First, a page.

Dale Schroeder of Iowa never found Miss Right. So he worked 67 years as a carpenter. He never made much money, but he saved it. Friends said he only owned two pairs of pants, "work jeans and church jeans." Before he died in 2005, he asked a lawyer friend to help him do something useful with his life savings. He had saved up three million dollars. He always wished he could have gone to college, but couldn't afford it, so they used the money to set up full scholarships for other small town Iowa kids who can't afford college. He ended up paying for 33 teens he never met to attend college free.
They call themselves "Dale's Kids," and all 33 got together recently to share stories and talk about how his generosity transformed their lives. One of them is Kira Conard. As the youngest of four children in a single-parent household, she wept four years ago when told that she'd benefit from Dale's gift. Now she's graduated college debt-free, and plans to start a career as a therapist. "For a man who never met me to give me basically a full ride to college, that's incredible," she said with tears in her eye.

A Red Sox game he'll always remember

Sean Wetzonis, Pedro Lugo, Francisco Rios and one of their pals had tickets to see the Boston Red Sox play the Toronto Blue Jays at Fenway Park in Boston recently, when a family emergency prevented their pal from joining them. On the way to the park, they tried to decide who should get their extra ticket. Lugo said he wanted someone who would appreciate the ticket and have the time of his life. As they were passing a homeless man named John, they gave him some money and asked if he'd like to see a Red Sox game. He said, "Hell Yeah, let's go."
The young men happily escorted John to his seat and bought him a beer to enjoy during the game. As they all cheered from the stands, John seemed to enjoy the atmosphere of the stadium. Before he left, he shook hands with his three new friends. "He thanked us for everything," said Lugo. "Maybe the game helped alleviate the stresses that come along with being homeless. -- at least for a few hours at the game."

Former foster child knows a boy needs a dad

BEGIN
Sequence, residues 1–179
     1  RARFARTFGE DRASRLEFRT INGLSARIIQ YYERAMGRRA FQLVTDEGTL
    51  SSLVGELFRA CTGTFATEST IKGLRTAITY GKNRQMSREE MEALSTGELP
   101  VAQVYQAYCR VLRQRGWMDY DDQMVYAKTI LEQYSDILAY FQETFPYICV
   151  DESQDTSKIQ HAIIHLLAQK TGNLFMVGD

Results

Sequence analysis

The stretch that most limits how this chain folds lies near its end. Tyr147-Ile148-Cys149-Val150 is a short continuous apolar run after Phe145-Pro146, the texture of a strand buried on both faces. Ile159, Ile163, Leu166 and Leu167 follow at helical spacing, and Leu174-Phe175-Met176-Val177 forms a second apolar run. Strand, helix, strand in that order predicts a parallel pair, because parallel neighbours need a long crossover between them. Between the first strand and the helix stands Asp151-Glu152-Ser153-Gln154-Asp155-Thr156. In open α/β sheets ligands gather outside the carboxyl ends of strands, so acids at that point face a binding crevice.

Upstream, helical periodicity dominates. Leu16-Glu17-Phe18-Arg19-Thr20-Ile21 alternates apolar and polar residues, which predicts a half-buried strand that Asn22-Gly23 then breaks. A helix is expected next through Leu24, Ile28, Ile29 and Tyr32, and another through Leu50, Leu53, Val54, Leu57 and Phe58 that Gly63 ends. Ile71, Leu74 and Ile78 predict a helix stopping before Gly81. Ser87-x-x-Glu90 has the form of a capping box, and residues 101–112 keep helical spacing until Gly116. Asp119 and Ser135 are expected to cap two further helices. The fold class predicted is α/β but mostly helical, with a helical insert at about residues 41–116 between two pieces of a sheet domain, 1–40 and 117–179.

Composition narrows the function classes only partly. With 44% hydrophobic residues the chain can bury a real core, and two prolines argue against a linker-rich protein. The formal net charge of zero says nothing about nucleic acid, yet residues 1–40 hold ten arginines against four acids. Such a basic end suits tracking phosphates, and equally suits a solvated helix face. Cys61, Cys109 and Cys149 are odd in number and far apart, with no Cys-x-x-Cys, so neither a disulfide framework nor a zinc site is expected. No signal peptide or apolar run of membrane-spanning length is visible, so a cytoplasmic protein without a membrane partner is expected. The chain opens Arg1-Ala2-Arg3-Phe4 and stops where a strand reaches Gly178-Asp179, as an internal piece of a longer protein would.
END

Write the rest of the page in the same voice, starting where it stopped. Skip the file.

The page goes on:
Barry Farmer, 32, is a radio host in Richmond, Virginia. He grew up in the foster care system, so he always had plans to adopt a child someday. He never expected fulfill that plan when he was only 21 years old, and with a white child. But that's what happened. He was 21 when his foster care license was approved and he fostered 8-year-old Jaxon, who he soon adopted. After growing up fatherless himself, he says "Being a father means everything to me."
In 2013 and 2014, Barry met Xavier, 11, and Jeremiah, 4, who were both in foster care, and by 2015 he adopted both, giving Jaxon an opportunity to be a big brother. As a dad now with three sons, Farmer says it's important not to forget older children who are up for adoption. "I always say our children in foster care are like diamonds in the rough. Even if you find a diamond in the dirt, it still has value. Once you take that diamond and polish it and put it in a safe place, you begin to see how beautiful it is."
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David Horn is a retired news reporter, and active blogger hailing from Bloomington, Indiana. He enjoys precious memories of his summer camp days in the Hawley, Pa. area, when in the 1950’s he attended Camp Elektor. Today the site of Woodloch Pines Resort, the camp was situated on the shore of Lake Teedyuskung. He has written Crumbs of Comfort as a blog, since March 2009. Read more of Crumbs for Comfort at http://comfortcrumb.blogspot.com/ .